Male drives don’t like criticism
MUNICH — Male drivers do not take kindly to criticism from front or back-seat passengers, according to a traffic psychologist with Germany’s biggest car club, the ADAC, who has been studying anger at the wheel.
According to Ulrich Chiellino, the phenomenon has a lot to do with the fact that driving a car is often seen as a speciality of maleness.
Men are automatically expected to show a high level of competence in driving, especially in car-mad Germany, despite studies which show that woman are equally adept.
A man who assumes he is capable of driving well often takes remarks about his skills, especially by women, as a personal affront.
“When a woman tells her husband to ‘slow down a little’ or says ‘don’t drive so close to that car in front,’ men tend to interpret this as meaning that they are not in control,” said Chiellino, basing his findings on German drivers, who often take exception to such remarks.
Rows over driving ability escalate so quickly because of the complexity of modern driving and the amount of potential mistakes that can be made, said the expert.
The closed-in nature of driving also prevents the release of pent-up emotions and fuels agitation. Drivers usually cannot stop, get out and vent their emotions. When they do so, it can lead to menacing road-rage situations.
Arguments over navigation during a journey revolve around who is supposed to be in charge of the vehicle – regardless of whether the sat-nav is running.
“Men who have taken a wrong turn do not like admitting they have made a mistake and they tend to insist on being in the right,” said the expert.
Men and women who frequently travel as passengers are less likely to voice criticism or THE key to avoiding a breakdown is good and regular maintenance together with an understanding of what’s most likely to go wrong.
The number of models and complexity of modern cars mean that AA patrols are called on to deal with thousands of different faults. These are the most common though and have been for many years.
Many can be fixed at the roadside, but most can be avoided with are more tactful when they do so, said Chiellino.
One of the best ways to defuse a tense driving situation is a careful choice of words. Passengers should avoid blunt accusations such as “You’re a really bad driver” and opt instead
the correct preventative care.
Flat or faulty battery Most common problems are caused by terminals and clamp connections or by a loss of voltage, often caused by constant use on short journeys without regular recharging.
At every service, check that terminals have been cleaned and protected from corrosion with a layer of petroleum jelly or grease. for remarks such as “I don’t feel comfortable when you drive this fast” or “We’re not in a hurry, are we?”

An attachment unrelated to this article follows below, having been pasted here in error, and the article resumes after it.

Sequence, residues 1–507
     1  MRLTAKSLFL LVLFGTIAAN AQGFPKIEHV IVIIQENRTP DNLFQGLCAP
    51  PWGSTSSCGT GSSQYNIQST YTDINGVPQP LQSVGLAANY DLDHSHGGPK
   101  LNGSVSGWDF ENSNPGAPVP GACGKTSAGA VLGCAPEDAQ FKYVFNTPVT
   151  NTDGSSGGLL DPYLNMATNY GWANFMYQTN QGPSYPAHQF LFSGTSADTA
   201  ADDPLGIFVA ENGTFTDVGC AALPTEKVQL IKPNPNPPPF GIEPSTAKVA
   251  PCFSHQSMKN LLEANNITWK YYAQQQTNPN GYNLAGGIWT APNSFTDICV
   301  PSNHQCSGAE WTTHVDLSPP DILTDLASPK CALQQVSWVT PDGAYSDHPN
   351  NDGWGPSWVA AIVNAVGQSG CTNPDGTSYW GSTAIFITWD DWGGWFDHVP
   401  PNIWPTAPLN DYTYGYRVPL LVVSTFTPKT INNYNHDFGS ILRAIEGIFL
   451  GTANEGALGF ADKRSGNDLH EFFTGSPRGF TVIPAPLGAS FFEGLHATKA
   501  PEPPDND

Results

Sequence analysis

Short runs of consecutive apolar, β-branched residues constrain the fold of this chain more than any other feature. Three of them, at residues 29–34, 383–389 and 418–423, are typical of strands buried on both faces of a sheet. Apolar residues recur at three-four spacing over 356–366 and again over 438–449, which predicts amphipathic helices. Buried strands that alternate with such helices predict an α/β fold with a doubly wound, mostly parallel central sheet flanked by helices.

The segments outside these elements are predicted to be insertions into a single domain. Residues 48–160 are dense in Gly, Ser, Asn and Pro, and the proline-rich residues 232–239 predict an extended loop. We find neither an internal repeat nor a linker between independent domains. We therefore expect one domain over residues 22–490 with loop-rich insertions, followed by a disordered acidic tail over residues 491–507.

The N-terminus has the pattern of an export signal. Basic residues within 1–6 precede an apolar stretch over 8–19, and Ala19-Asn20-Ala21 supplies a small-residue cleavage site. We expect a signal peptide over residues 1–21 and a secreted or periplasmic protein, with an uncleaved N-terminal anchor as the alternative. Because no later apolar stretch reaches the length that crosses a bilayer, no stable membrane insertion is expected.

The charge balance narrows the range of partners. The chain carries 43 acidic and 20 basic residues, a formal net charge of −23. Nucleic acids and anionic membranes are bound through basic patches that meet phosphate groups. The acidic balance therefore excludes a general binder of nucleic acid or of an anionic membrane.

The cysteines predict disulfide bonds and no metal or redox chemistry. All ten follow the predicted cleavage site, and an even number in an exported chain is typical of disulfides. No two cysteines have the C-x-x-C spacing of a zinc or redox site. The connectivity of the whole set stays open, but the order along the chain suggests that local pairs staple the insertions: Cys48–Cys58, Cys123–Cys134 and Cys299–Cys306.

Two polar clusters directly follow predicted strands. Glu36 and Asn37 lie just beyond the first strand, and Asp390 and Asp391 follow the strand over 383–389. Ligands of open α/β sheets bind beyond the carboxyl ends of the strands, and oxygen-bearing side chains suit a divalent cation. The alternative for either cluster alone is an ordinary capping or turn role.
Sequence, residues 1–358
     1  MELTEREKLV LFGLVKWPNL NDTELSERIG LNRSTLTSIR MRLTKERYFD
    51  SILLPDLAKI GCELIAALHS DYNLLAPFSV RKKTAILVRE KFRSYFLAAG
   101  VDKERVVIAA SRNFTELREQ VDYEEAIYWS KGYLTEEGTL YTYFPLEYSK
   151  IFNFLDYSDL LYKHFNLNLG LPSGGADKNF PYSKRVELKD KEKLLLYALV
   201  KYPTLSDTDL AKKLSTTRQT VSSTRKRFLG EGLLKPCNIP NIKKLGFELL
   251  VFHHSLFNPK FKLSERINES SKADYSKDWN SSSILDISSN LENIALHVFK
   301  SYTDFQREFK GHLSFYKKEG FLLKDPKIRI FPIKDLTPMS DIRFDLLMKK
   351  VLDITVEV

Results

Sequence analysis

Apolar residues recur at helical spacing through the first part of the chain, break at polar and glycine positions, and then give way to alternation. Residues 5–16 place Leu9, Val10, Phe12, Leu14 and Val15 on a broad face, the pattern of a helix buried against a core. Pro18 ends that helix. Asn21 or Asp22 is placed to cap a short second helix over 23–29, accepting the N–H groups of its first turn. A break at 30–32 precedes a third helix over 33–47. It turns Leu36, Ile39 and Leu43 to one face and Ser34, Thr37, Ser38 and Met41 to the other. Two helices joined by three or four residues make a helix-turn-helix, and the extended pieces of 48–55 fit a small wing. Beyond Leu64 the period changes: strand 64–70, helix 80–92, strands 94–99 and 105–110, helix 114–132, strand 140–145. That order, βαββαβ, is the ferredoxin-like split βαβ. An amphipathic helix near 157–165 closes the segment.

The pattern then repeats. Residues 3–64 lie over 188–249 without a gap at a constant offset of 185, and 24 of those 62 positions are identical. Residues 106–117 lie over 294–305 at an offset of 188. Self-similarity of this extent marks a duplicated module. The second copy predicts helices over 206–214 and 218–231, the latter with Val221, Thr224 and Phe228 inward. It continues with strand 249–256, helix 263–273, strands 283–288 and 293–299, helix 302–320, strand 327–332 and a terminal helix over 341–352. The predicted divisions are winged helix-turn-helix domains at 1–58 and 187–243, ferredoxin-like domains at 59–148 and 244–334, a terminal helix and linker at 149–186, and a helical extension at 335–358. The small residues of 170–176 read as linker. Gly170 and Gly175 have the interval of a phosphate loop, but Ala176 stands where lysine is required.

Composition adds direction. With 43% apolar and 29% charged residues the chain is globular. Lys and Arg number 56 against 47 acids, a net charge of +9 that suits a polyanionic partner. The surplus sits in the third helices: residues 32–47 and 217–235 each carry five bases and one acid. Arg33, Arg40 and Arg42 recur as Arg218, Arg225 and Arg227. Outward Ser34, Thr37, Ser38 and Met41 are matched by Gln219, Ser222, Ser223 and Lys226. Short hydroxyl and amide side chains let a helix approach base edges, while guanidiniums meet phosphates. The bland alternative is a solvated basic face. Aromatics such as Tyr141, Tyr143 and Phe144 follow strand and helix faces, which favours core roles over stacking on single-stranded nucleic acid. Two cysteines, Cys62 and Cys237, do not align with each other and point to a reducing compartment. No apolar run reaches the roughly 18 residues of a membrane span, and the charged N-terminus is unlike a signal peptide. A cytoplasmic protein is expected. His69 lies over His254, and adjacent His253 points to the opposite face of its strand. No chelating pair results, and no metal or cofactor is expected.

It is easier for a driver to react constructively to such comments that are phrased diplomatically. — DPA Clamps and connections must be secure.
If you seldom make a long journey, a fortnightly overnight charge prolongs battery life.
Modern maintenance-free batteries need no top-up.
Lost keys Most modern cars have a ‘transponder’ key combining a conventional mechanical key with an encrypted electronic chip to prevent
If you lose the key, recovery to an authorised dealer may be the only answer.
Even a dealer may take several days to obtain a replacement, so always carry a spare set of keys.
Check the handbook and adjust pressures as required to suit different speeds and loads.
Kerb impact can damage sidewalls and, possibly wheel rims. Both can result in slow leaks. Consult a specialist tyre dealer if any damage is visible.
When checking tread depth, look for uneven tyre wear – the wheels may be misaligned.
Look at the spare tyre. A worn or flat spare won’t be of use in an emergency.
Check that the jack and wheelremoval tools are in good condition and that the key or removal tool for locking wheel nuts is accessible.
Alternator faults Persistent battery problems and dim headlights when the engine is idling can indicate alternator/generator faults.
Belts driving the alternator may also operate the radiator fan and water pump. A red ignition warning light plus a rapid rise in engine temperature could indicate a broken belt. Stop straight away.
Starter motor Though usually robust, starter motors can fail. Good, regular garage maintenance should highlight potential faults.
Fuel problems Empty fuel tanks cost a lot of time and inconvenience. Fill up at the start of your journey and well before the low-fuel warning light comes on.
Clutch cables Clutch cables are under high stress, and abrasion can weaken the wire strands until they break. Replacement at the first signs of wear is the best answer.
High-tension (HT) leads and their connections can deteriorate with age. Water and dirt enter cracks in the insulation, reducing ignition voltage. — theaa.com
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